For those patients who cannot be discharged to their own home and require nursing or residential care, an interim placement will be arranged. At this point we work closely with our in-house Care Brokerage Team to find a suitable rehabilitation service or care home.

“Our initial focus is on helping people regain stability and control in their life, before we start to plan long term solutions.”

Understanding and listening to the people we support

Once the patient has been discharged, long term assessment and care planning is carried out by our team. This includes understanding in more detail what is important to them, how they want to live independently and what community support they can access. We look at what can be done to improve health, well-being and quality of life.
Our Occupational Therapists will also carry at an assessment with the person at home. They will check the person has the right equipment or aids to promote independence and well-being and prevent a readmission to hospital.
The Short Term Support and Rehabilitation service may also step in at this point, to aid the person’s recovery. The team provide intensive support for a short period to help the person regain independence.
For people in interim placements, we will work with them to ensure that they are able to move as soon as possible to their long term care home.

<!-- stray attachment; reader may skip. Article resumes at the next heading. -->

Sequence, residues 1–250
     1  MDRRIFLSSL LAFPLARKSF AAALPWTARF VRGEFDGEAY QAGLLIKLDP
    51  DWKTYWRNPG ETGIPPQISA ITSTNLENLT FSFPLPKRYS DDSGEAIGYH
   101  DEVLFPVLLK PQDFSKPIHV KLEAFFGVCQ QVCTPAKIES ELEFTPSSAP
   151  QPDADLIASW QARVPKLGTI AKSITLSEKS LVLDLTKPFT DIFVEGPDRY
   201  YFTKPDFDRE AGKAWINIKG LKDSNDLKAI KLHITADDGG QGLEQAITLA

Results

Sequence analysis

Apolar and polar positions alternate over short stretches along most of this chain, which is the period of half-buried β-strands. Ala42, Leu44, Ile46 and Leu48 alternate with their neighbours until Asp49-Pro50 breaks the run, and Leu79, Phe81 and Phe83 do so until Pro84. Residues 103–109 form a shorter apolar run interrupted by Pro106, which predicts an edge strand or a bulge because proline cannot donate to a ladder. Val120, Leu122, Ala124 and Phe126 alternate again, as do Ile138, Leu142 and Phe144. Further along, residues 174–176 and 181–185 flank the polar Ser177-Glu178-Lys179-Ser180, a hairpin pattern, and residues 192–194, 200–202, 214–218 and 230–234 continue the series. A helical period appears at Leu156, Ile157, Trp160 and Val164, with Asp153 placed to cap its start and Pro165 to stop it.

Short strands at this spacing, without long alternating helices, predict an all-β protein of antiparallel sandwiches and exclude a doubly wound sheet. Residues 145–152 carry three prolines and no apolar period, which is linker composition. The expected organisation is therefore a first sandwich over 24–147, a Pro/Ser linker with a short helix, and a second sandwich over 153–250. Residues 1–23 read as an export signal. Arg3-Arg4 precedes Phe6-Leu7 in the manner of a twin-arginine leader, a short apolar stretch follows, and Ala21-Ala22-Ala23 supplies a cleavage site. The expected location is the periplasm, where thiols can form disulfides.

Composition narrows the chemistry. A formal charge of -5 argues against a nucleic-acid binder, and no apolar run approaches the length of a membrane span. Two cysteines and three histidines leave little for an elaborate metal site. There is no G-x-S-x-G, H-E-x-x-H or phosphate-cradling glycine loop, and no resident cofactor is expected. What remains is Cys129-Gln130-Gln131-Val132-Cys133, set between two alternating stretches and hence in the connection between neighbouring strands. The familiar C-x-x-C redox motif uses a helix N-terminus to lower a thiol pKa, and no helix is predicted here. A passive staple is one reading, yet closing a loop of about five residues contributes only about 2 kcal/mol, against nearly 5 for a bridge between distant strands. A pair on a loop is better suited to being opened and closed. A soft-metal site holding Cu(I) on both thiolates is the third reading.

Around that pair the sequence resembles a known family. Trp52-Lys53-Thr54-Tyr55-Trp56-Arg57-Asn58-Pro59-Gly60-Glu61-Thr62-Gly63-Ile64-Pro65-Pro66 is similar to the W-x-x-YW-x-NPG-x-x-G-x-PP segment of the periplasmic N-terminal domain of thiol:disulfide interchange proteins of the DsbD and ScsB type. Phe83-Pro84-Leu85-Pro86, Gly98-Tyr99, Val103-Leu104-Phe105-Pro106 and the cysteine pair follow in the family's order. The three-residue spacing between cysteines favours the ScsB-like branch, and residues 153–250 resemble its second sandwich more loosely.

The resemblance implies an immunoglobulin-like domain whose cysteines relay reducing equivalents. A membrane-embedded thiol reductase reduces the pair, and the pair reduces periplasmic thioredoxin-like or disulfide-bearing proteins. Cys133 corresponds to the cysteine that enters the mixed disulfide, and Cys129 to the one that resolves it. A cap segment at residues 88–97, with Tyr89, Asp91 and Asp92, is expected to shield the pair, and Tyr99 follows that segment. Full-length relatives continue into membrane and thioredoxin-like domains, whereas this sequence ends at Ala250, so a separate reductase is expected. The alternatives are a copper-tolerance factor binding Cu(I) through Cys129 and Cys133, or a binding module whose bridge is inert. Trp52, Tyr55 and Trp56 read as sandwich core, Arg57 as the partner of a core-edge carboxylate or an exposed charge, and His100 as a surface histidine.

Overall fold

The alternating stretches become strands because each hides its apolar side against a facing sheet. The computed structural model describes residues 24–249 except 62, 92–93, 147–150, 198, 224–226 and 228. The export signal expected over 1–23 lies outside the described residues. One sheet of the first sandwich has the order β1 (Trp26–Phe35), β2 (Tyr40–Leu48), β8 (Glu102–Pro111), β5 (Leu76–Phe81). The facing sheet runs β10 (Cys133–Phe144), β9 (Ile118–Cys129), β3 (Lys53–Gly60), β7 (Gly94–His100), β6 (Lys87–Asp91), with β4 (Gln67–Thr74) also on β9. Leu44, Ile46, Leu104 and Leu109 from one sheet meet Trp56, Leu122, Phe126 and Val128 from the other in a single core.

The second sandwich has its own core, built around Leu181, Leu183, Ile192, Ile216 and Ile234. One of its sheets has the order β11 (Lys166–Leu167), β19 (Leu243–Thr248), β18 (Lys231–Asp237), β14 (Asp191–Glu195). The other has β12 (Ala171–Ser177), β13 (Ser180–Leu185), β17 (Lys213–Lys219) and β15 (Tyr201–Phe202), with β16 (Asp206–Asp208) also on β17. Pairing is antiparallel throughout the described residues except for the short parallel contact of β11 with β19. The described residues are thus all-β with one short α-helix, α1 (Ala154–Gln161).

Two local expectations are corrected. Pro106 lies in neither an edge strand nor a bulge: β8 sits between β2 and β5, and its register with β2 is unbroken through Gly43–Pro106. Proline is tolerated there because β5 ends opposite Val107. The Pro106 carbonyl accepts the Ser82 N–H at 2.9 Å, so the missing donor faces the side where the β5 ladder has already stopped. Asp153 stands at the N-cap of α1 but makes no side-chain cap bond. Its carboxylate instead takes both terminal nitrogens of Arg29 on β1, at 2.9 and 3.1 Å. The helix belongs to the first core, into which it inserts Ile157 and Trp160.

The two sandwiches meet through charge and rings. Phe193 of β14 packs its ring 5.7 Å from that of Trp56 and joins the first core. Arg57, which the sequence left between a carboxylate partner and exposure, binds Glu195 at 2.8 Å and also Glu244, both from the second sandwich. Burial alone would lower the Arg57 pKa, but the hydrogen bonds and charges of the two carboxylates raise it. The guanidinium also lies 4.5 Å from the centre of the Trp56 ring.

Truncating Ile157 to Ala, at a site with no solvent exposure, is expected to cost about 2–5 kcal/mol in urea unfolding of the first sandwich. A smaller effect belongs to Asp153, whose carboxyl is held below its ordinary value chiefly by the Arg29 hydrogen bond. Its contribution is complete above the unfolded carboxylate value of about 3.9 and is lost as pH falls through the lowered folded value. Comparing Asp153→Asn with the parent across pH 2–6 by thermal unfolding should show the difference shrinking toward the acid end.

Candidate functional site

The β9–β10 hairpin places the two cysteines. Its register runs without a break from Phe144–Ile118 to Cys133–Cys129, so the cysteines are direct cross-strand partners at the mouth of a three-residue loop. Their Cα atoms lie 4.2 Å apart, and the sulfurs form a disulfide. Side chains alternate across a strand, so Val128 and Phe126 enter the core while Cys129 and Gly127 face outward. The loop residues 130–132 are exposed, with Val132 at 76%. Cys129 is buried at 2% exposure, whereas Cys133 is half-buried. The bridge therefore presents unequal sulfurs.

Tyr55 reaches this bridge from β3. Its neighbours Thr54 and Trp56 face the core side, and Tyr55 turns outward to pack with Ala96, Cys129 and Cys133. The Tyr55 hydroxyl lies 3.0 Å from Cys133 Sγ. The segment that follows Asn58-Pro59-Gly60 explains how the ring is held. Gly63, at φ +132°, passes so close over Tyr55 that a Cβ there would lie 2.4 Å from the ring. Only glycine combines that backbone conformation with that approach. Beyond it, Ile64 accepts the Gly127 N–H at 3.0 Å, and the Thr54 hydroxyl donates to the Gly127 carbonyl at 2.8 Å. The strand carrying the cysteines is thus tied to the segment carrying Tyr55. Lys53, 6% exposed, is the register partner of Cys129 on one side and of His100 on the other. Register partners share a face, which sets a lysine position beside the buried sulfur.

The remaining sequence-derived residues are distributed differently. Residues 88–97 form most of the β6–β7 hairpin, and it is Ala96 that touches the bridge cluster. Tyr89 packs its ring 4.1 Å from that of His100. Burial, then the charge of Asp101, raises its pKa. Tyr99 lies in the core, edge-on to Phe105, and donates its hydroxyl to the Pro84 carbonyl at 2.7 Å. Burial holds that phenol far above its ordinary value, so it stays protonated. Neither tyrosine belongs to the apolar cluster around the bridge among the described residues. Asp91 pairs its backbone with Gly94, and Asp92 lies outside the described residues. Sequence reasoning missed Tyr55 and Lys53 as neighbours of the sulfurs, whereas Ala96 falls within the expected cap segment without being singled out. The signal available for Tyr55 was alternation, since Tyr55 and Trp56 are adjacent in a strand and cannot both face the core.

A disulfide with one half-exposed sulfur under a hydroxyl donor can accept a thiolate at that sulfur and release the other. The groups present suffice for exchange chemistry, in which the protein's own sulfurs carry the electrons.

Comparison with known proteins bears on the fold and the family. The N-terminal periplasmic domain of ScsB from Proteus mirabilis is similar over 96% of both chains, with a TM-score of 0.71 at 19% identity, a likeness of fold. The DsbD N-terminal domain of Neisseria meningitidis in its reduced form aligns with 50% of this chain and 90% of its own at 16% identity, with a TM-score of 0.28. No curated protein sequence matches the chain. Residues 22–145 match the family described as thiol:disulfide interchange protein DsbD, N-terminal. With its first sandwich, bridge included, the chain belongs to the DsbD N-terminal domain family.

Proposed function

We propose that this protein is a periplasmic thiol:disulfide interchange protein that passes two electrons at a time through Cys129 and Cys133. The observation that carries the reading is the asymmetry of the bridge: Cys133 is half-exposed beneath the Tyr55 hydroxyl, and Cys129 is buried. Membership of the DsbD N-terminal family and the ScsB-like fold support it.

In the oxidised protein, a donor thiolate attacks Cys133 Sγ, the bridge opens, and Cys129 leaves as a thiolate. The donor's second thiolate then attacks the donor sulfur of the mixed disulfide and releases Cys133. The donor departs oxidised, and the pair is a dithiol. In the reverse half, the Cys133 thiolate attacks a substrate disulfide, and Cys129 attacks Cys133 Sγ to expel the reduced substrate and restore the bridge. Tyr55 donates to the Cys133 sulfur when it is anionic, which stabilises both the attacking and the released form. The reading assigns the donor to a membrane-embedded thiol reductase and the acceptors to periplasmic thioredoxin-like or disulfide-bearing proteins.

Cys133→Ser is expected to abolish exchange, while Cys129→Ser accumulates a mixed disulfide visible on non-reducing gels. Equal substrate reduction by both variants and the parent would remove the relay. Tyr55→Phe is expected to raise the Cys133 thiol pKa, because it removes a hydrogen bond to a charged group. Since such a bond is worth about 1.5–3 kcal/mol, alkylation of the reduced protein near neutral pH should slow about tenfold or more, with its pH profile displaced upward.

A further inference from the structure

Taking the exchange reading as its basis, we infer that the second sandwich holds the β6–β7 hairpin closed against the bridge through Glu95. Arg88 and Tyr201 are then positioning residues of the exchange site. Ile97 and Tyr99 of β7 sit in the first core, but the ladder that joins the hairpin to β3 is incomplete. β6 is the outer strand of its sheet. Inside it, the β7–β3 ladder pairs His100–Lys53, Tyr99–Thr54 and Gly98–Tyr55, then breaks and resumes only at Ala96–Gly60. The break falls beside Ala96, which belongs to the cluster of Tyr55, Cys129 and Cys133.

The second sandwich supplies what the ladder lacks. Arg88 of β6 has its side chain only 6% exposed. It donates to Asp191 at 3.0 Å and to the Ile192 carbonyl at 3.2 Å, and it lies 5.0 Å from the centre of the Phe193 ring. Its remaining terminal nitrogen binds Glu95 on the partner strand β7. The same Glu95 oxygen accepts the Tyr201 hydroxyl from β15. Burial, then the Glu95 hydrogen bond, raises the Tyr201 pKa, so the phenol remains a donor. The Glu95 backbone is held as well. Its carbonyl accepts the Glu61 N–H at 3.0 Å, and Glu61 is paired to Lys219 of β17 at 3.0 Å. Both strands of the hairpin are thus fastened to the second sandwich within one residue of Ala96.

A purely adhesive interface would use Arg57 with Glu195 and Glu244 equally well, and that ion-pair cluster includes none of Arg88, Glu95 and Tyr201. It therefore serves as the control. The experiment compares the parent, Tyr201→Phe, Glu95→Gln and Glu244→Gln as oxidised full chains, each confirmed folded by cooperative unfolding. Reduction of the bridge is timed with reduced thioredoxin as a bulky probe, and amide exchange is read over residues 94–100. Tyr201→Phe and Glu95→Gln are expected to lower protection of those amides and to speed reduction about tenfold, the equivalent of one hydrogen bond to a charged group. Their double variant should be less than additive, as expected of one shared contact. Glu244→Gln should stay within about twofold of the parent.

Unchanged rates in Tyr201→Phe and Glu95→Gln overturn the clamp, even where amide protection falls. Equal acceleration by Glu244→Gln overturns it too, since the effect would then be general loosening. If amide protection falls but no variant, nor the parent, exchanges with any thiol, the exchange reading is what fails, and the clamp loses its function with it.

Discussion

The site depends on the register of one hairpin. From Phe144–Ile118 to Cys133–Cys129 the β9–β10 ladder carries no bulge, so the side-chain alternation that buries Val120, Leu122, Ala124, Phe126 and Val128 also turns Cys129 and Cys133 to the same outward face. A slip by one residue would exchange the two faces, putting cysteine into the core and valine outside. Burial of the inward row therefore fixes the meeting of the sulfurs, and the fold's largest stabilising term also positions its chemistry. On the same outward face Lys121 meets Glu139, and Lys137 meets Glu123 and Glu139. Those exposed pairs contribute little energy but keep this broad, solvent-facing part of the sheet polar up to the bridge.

During this second wave, the Government has agreed to fully fund the cost of health and social care support packages upon discharge for up to 6 weeks. This has come as a welcome relief to people and their families, and in some cases, gives us space to work together to plan for their long term care needs.

Our evolving approach

We have not been able to carry out as many face-to-face visits. Care homes and nursing homes are currently not allowing visits as a measure to protect the most vulnerable from the virus. We try to conduct most of our work over the phone, via email or video call. Reserving visits for when it is absolutely necessary, for example, if the case is complex or there is a safeguarding concern or a need to carry out a mental capacity assessment.
An advantage of our adapting approach, has been the way we involve families. We have always included families in decision-making, but the use of video calling, means we can now have meetings involving the person, their family and all professionals. Even if the relatives live a long distance away. Communication has actually improved, and this is something we plan to continue beyond the pandemic.

Finally a word from Pauline D’Cunha, Head of Physical Disabilities and Older People Team

“I am extremely proud of the Hospital Team. The team are working under constant pressure at the moment. They still manage to do a brilliant job, whilst working at pace and with an increased demand on the service. It is their immense hard work and commitment, which has enabled so many people to leave hospital and return home safely and get back to living the way they wish.”